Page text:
Did Safety Measures Water Down Urban Beach Week?
Memorial Day usually means one thing in Miami Beach: Urban Beach Week.
We’ve seen the fuss about Urban Beach Week in the past. We know swarms of people populate Miami Beach clad in the latest fashions and driving the flashiest cars. The mere word “traffic” probably sends a migraine spiraling through your head, as thoughts of closed streets, congested roads and an army of police officers consume your mind.
But there doesn't seem to be as much fuss this year.
In 2011, a fatal shooting at Urban Beach Week left city police with the responsibility of implementing more safety and traffic regulations. This year, 600 cops were set to patrol the streets of Miami Beach.
Marcelo Salup has been going to Urban Beach Week every year for the past five or six years. But he didn't plan on returning this year.
“Making Miami Beach into a Nazi prison camp, with cops every five feet, fencing, guard towers. … That is absolutely not acceptable," he says. "So this year I’m not going and not because of the crowd, but because of the cops.”
Salup says he thinks there's a big "elephant in the room" when it comes to distaste about Urban Beach Week.
"People absolutely hate the fact that it's 250,000 black people coming to Miami," he says bluntly. "They're racist."
Salup is a white Hispanic who says the racial discomfort during Urban Beach Week is obvious.
Meanwhile, Andre King, a black Miami Beach resident and business owner, left home during Urban Beach Week for a different reason. He calls the event "terrible."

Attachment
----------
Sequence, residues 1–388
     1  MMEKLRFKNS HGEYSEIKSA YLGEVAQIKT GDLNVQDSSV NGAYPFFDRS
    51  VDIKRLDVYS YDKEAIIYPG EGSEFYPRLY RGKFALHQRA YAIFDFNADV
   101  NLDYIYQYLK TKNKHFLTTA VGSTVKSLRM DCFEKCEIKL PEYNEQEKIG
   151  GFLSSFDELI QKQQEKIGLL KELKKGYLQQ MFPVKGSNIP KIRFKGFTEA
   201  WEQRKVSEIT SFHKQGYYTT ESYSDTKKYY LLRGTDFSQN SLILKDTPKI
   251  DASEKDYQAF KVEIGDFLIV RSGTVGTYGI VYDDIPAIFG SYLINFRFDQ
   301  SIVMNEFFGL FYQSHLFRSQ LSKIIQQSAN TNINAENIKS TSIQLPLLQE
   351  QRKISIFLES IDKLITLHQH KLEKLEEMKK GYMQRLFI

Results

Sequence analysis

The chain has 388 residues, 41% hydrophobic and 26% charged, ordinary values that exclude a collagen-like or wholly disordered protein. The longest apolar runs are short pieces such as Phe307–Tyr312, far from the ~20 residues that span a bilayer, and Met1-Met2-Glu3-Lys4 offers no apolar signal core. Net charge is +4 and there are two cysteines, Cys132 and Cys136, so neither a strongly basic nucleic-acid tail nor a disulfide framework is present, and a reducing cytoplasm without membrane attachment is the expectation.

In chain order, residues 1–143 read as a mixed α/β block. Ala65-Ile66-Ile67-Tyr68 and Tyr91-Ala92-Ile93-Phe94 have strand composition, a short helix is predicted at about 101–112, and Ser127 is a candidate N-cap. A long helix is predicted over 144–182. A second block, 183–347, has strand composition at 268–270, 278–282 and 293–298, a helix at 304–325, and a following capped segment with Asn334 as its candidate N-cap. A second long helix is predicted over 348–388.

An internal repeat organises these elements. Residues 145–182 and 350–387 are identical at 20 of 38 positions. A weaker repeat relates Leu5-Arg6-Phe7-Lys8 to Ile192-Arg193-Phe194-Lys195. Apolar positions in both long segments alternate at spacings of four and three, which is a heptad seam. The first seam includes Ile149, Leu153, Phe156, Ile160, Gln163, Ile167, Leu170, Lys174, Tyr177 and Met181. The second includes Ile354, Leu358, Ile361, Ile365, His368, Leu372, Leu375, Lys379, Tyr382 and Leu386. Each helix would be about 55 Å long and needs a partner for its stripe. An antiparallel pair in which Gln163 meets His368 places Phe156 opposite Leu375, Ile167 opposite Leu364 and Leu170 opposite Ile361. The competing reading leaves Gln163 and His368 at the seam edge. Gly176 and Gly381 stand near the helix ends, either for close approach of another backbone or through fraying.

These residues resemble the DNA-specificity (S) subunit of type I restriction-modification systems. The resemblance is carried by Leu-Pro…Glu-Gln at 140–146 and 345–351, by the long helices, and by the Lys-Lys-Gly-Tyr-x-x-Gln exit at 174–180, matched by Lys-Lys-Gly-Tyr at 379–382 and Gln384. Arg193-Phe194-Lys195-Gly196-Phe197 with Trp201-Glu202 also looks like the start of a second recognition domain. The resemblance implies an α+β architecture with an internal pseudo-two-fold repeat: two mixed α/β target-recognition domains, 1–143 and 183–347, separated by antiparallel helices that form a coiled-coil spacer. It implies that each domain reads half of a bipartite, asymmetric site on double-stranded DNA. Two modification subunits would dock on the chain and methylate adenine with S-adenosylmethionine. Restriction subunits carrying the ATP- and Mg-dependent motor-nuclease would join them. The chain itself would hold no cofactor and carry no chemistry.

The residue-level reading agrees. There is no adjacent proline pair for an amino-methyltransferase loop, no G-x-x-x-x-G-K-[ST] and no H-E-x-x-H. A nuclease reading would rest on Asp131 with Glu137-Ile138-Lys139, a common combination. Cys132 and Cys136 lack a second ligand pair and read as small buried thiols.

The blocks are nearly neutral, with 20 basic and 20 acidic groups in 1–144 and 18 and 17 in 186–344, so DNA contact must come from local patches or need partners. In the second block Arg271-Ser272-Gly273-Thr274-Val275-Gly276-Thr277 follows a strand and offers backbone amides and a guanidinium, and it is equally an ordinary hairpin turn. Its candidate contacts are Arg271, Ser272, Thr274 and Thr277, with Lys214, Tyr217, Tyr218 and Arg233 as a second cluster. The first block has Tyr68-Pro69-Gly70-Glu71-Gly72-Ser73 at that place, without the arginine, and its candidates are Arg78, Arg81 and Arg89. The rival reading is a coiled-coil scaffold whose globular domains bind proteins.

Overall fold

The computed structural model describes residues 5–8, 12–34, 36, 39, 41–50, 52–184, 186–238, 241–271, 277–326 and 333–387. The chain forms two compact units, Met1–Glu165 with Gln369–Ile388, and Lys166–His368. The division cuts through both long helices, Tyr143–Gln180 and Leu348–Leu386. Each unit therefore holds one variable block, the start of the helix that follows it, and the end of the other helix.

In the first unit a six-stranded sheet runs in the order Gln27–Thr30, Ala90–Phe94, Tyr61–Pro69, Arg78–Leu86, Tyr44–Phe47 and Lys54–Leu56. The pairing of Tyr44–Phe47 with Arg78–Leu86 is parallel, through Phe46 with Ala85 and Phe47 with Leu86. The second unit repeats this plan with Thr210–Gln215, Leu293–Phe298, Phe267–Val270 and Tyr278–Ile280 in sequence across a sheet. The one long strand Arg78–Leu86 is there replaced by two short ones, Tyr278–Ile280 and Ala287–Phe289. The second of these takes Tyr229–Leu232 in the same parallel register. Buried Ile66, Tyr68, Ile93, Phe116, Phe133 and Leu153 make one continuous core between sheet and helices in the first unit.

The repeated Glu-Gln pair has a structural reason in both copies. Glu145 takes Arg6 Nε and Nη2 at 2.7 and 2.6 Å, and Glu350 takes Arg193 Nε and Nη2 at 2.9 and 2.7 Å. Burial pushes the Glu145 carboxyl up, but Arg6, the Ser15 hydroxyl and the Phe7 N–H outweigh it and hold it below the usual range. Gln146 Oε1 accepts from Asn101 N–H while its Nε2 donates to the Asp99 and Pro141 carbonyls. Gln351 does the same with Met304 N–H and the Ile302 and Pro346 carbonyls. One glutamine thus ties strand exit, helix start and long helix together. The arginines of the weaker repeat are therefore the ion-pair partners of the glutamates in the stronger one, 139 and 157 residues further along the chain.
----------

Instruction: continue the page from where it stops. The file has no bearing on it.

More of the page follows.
“I’ve been living in Miami Beach for eight years, and the disrespectful people who come to Miami during this time… I steer people in the other direction,” King says.
Terrance Smith, owner of BlackBeachWeek.com, an event website for Memorial Day Weekend festivities, says he thinks the event is primarily about fun and culture.
"I think it's a celebration," says Smith. "It's an annual event where everyone gets together and has a good time."
In case you're unfamiliar with exactly what Urban Beach Week is, it's an unofficial celebration that isn't sponsored by one organization. Smith says it was born out of Urban Fashion Week, a celebration of the late 1990s.
“After that, it became a giant event where everyone gathered,” says Smith, who's also promoter of Urban Beach Week events.
Smith, who says he helped coin the term “Urban Beach Week,” says people often get the event confused with Freaknik, a celebration that used to be popular in Atlanta.
“Freaknik was more of a spring break celebration. Urban Beach Week is more of a summer celebration,” says Smith. “They both have completely different atmospheres and crowds.”
Smith says Urban Beach Week is like a free car and fashion show, with donks rolling down Ocean Drive and people wearing in the latest fashion trends. It also features a string of hip-hop, R&B, and recently announced reggae/dancehall performances.
He isn't sure if there's a decaying in Urban Beach Week crowds due to the traffic and safety regulations. But he still thinks it's the number one spot for Memorial Day weekend vacationers.
"I think there's a lot more competition from other events [and vacation destinations]," he says. "But Miami is still the number one spot."